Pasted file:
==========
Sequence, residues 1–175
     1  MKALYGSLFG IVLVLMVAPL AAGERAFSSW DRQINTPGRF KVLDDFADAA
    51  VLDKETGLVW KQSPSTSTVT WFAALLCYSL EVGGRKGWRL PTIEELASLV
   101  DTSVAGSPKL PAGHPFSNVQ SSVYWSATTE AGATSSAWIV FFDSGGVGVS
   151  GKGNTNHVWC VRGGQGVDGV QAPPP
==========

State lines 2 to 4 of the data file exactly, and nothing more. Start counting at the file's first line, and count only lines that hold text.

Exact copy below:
     1  MKALYGSLFG IVLVLMVAPL AAGERAFSSW DRQINTPGRF KVLDDFADAA
    51  VLDKETGLVW KQSPSTSTVT WFAALLCYSL EVGGRKGWRL PTIEELASLV
   101  DTSVAGSPKL PAGHPFSNVQ SSVYWSATTE AGATSSAWIV FFDSGGVGVS